Like Milton Berle’s Texaco Star Theater, George Gobel’s story can be told in different ways. The one we usually hear is that he was a flash in the pan, inexplicably popular and then— suddenly and forever washed up. (In that version, Gobel rhymes with Berle.) That’s the popular telling of the tale. Let’s face it, we love a good riches-to-rags story.
But I think it’s more accurate to say that Gobel shot to stardom thanks to a happy combination of his own talent and a solid writing staff. His success didn’t last forever, no, but The George Gobel Show did last from 1954/56 to 1959/60, not a bad run. And he gets bonus points for being the most arrestingly original comedian on the air at that time.
Up ’til then, television comedy had been dominated by loud comedians, zany antics and lots of yelling and arm-waving. But after a great many hours in the company of Berle, Sid Caesar, Jerry Lewis, Lucille Ball, Abbott and Costello and other full-volume comedians, America was ready for something milder. Something different. Something suburban, wearing a crew cut and a grey flannel suit. Enter Mr. Gobel, a somewhat nervous, somewhat hesitant comedian whose most frequent facial expression was one of concern bordering on worry, but who nevertheless really knew what he was doing.
His show was a little of this, a little of that: the format was part monologue, part sketch comedy, part situation comedy. Really, anything could happen. He might tell a story, or sing a song. He could ad-lib very well when something went wrong. He could do wry, sophisticated material, or something approaching slapstick. Watching the few pirated episodes now in circulation, you never know what’s going to happen next. It won’t be anything very explosive, but it will be something no one else in television was doing.
The George Gobel Show hit the air in September 1954 as part of NBC’s Saturday night schedule. Successful almost immediately, it was the eighth-highest rated show that season. It stayed hot the next year too, as the fifteenth-highest rated show of 1955/56.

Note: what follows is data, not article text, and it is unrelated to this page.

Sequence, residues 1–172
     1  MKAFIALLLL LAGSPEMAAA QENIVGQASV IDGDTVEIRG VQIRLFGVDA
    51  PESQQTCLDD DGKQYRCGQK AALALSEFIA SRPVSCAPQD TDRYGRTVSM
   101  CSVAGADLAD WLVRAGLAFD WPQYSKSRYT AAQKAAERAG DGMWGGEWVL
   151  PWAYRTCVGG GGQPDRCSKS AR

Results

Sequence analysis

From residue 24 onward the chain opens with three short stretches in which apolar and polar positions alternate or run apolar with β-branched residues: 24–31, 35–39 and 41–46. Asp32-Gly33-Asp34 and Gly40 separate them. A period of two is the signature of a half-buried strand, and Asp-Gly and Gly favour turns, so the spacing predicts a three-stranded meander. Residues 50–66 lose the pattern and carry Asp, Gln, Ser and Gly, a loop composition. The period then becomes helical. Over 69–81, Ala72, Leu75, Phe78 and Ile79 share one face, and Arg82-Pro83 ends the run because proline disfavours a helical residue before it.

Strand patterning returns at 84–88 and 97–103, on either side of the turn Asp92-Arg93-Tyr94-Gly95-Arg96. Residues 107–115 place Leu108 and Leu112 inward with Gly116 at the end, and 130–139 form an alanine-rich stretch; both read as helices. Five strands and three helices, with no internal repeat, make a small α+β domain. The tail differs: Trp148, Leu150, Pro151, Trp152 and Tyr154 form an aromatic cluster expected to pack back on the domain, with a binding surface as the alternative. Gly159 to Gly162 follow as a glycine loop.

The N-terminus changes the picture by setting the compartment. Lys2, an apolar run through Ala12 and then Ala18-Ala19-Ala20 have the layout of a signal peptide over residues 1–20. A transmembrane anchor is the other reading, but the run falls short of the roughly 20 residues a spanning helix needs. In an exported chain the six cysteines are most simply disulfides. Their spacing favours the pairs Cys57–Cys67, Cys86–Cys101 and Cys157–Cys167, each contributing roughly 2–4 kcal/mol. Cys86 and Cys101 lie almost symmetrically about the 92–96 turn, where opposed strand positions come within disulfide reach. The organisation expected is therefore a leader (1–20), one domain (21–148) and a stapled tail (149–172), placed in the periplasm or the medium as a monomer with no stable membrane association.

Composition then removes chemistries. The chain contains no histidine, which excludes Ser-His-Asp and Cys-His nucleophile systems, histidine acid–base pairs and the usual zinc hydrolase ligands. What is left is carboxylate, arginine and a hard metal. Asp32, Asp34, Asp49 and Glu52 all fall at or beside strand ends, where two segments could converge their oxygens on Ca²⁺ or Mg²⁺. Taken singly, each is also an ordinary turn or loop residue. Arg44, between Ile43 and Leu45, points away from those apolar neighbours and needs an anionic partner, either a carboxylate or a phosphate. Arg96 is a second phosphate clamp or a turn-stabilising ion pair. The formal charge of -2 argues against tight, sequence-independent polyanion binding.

But the rumble of creative destruction was already making itself heard. His only real cast member, the charming singer Peggy King, left the show after that season. Worse, his direct competition on CBS was its freshman hit Gunsmoke. Worse yet, his creative staff was shaken up and some excellent comedy writers walked (or were thrown) out the door. The real point of no return was probably the loss of writer-producer Hal Kanter.
Gobel was chased out of the Saturday night line-up by Marshal Dillon after the 1956/57 season, and his show was re-invented as a Tuesday night variety hour thereafter. That lasted for a couple of years, but the momentum was gone; it returned as a half-hour Sunday night comedy in the fall of 1959, this time on CBS. That was the end of the line, and the final episode aired on June 5, 1960.
During his prime, Gobel had been eagerly signed by Paramount to shoot a couple of movies between seasons. But audiences can always sense when a movie isn’t going to work, and without the input of the creative staff that had made The George Gobel Show so great, the films were dead on arrival.
I keep thinking of Harry Langdon, another unique comedian whose success was undeniable, but all too brief. Like Langdon, George Gobel carried on and did some fine work in his later years, albeit in a steadily dimming spotlight. Viewers of my generation remember him as a fixture on The Hollywood Squares throughout the 1970s, where he was still funny, still a quirky original, and still quietly rocking that crew cut. But times had definitely changed in the years since Eisenhower. The stars of comedy now were young, hip, dynamic and frequently raw… the opposite of George Gobel.
Still and all, he had the perfect exit line, not only for himself but for a lot of us. It was on a 1969 Tonight Show appearance: “Did you ever get the feeling that the world was a tuxedo, and you were a pair of brown shoes?”